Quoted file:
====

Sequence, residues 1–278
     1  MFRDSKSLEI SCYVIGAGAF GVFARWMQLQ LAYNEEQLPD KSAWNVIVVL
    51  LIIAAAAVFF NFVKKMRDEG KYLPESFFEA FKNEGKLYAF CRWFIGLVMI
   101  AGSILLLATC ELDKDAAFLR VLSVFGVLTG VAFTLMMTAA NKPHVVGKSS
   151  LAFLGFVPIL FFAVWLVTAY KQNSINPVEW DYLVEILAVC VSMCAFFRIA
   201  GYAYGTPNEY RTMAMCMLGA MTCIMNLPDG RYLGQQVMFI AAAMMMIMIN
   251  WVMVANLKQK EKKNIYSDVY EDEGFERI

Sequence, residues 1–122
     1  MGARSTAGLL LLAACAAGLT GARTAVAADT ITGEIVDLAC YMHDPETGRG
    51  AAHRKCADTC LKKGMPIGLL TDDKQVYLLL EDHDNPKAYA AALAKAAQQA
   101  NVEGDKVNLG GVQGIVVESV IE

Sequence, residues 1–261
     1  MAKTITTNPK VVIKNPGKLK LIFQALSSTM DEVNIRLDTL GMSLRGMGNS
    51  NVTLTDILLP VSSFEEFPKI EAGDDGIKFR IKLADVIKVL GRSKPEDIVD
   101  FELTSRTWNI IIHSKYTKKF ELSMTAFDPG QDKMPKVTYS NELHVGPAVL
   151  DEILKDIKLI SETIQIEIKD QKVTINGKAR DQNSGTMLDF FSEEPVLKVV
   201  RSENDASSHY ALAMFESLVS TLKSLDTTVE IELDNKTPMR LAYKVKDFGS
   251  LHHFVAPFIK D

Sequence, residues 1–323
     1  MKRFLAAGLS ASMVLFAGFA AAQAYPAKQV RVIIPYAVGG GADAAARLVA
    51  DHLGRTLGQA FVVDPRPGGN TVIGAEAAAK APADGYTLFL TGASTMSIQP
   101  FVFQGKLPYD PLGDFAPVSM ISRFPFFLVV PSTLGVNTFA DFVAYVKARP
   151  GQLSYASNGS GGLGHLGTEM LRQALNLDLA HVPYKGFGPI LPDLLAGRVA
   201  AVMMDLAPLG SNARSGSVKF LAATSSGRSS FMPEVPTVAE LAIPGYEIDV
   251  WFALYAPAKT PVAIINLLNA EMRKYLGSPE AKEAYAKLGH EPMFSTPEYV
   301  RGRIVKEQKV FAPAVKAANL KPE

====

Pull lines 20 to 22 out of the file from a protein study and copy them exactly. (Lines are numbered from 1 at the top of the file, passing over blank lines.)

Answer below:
     1  MKRFLAAGLS ASMVLFAGFA AAQAYPAKQV RVIIPYAVGG GADAAARLVA
    51  DHLGRTLGQA FVVDPRPGGN TVIGAEAAAK APADGYTLFL TGASTMSIQP
   101  FVFQGKLPYD PLGDFAPVSM ISRFPFFLVV PSTLGVNTFA DFVAYVKARP